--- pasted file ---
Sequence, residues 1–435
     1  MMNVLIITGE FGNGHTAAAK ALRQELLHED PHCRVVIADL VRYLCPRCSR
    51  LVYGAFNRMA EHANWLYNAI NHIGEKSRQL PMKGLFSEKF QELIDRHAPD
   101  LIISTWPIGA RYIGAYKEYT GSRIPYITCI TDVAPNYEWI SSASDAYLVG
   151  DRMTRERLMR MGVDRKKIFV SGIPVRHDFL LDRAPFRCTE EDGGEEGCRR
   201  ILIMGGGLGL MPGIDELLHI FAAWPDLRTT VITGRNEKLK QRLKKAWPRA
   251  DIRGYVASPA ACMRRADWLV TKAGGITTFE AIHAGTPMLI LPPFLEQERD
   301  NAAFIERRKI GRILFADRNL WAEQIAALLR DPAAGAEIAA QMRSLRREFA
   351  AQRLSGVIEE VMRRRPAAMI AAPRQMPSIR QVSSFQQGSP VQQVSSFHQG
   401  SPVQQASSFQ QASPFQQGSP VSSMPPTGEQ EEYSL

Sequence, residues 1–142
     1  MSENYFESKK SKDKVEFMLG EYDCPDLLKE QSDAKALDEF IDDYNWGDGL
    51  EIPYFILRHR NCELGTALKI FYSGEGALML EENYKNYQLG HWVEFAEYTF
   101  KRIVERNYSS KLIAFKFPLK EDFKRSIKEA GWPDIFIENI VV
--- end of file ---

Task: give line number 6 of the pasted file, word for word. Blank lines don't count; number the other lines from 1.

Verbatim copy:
   201  ILIMGGGLGL MPGIDELLHI FAAWPDLRTT VITGRNEKLK QRLKKAWPRA